Professional wins (16)Edit
PGA Tour wins (4)Edit
|No.||Date||Tournament||Winning score||Margin of
|1||Apr 21, 1974||Monsanto Open||−10 (67-69-71-67=274)||Playoff||Peter Oosterhuis|
|2||May 2, 1976||Houston Open||−10 (70-72-67-69=278)||1 stroke||Forrest Fezler|
|3||Jul 9, 1978||Greater Milwaukee Open||−13 (66-70-70-69=275)||Playoff||Lee Trevino|
|4||Aug 20, 1978||American Express Westchester Classic||−10 (71-68-68-67=274)||1 stroke||Mark Hayes|
PGA Tour playoff record (2–2)
|1||1968||American Golf Classic||Frank Beard, Jack Nicklaus||Nicklaus won with birdie on fifth extra hole|
Beard eliminated by birdie on first hole
|2||1972||Greater Hartford Open||Lee Trevino||Lost to birdie on first extra hole|
|3||1974||Monsanto Open||Peter Oosterhuis||Won with birdie on fourth extra hole|
|4||1978||Greater Milwaukee Open||Lee Trevino||Won with par on eighth extra hole|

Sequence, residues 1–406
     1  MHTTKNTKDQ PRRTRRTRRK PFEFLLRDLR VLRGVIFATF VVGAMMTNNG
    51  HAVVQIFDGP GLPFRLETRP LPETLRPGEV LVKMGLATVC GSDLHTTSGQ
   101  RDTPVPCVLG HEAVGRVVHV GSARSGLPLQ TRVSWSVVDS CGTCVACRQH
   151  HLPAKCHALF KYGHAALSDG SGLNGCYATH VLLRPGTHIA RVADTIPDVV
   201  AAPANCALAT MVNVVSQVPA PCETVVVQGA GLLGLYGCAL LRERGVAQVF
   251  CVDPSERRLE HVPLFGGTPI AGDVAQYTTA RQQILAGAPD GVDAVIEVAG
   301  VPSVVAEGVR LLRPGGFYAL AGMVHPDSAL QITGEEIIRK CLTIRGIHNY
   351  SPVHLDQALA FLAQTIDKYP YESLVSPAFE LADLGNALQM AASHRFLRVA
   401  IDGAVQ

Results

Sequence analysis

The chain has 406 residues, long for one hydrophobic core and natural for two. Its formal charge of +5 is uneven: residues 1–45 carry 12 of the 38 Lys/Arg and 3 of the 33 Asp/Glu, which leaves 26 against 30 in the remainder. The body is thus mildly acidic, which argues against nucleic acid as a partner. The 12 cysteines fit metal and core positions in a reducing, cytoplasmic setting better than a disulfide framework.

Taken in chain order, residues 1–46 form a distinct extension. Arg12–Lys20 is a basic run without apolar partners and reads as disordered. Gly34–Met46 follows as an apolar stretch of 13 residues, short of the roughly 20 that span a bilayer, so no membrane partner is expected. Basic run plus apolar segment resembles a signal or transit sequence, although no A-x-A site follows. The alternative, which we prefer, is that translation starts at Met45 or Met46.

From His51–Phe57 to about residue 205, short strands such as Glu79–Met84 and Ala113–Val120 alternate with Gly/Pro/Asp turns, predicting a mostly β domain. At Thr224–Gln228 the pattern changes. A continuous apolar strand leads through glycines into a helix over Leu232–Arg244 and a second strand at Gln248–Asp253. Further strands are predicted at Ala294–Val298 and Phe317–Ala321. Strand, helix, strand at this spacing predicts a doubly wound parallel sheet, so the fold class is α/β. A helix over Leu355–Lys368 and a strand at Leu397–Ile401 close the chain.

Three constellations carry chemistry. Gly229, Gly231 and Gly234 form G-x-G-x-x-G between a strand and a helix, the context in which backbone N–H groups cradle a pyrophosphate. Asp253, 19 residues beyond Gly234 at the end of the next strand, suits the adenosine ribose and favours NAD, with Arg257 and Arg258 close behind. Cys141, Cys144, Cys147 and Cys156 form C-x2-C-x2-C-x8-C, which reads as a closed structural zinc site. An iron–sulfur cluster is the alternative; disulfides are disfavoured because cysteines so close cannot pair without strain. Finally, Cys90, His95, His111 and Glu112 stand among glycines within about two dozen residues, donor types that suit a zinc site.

Other wins (2)Edit
Senior PGA Tour wins (8)Edit
|No.||Date||Tournament||Winning score||Margin of
|1||Aug 28, 1984||Suntree Senior Classic||−16 (64-66-70=200)||6 strokes||Miller Barber, Gay Brewer|
|2||Sep 19, 1984||Hilton Head Seniors International||−13 (68-69-66=203)||3 strokes||Peter Thomson|
|3||Jun 2, 1985||Denver Post Champions of Golf||−3 (68-69-76=213)||1 stroke||Peter Thomson|
|4||Jul 28, 1985||Merrill Lynch/Golf Digest Commemorative Pro-Am||−11 (61-72=133)||Playoff||Peter Thomson|
|5||Aug 4, 1985||Digital Seniors Classic||−8 (73-67-68=208)||Playoff||Jerry Barber, Don January|
|6||Sep 1, 1985||Citizens Union Senior Golf Classic||−7 (67-68=135)||Playoff|| Orville Moody, Dan Sikes,|
|7||Aug 3, 1986||Merrill Lynch/Golf Digest Commemorative (2)||−11 (67-64-68=199)||2 strokes||Chi-Chi Rodríguez|
|8||Nov 20, 1988||Gus Machado Senior Classic||−11 (67-70-65=202)||5 strokes||Al Geiberger|
Senior PGA Tour playoff record (3–0)